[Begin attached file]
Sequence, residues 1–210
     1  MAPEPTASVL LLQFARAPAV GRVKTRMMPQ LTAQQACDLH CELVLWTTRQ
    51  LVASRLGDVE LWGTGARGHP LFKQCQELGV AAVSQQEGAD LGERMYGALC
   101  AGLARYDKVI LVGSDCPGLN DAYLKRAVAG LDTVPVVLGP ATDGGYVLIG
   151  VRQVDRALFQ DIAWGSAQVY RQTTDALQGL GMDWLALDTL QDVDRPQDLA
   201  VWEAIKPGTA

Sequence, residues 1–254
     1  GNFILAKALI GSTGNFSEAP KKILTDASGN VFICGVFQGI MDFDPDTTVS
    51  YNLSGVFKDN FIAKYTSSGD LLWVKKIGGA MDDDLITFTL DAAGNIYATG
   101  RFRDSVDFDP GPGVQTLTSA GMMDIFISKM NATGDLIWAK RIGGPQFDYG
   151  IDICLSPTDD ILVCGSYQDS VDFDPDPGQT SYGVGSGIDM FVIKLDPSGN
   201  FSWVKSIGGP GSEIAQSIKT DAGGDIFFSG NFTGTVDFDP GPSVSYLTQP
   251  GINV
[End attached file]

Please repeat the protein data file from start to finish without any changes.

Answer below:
Sequence, residues 1–210
     1  MAPEPTASVL LLQFARAPAV GRVKTRMMPQ LTAQQACDLH CELVLWTTRQ
    51  LVASRLGDVE LWGTGARGHP LFKQCQELGV AAVSQQEGAD LGERMYGALC
   101  AGLARYDKVI LVGSDCPGLN DAYLKRAVAG LDTVPVVLGP ATDGGYVLIG
   151  VRQVDRALFQ DIAWGSAQVY RQTTDALQGL GMDWLALDTL QDVDRPQDLA
   201  VWEAIKPGTA

Sequence, residues 1–254
     1  GNFILAKALI GSTGNFSEAP KKILTDASGN VFICGVFQGI MDFDPDTTVS
    51  YNLSGVFKDN FIAKYTSSGD LLWVKKIGGA MDDDLITFTL DAAGNIYATG
   101  RFRDSVDFDP GPGVQTLTSA GMMDIFISKM NATGDLIWAK RIGGPQFDYG
   151  IDICLSPTDD ILVCGSYQDS VDFDPDPGQT SYGVGSGIDM FVIKLDPSGN
   201  FSWVKSIGGP GSEIAQSIKT DAGGDIFFSG NFTGTVDFDP GPSVSYLTQP
   251  GINV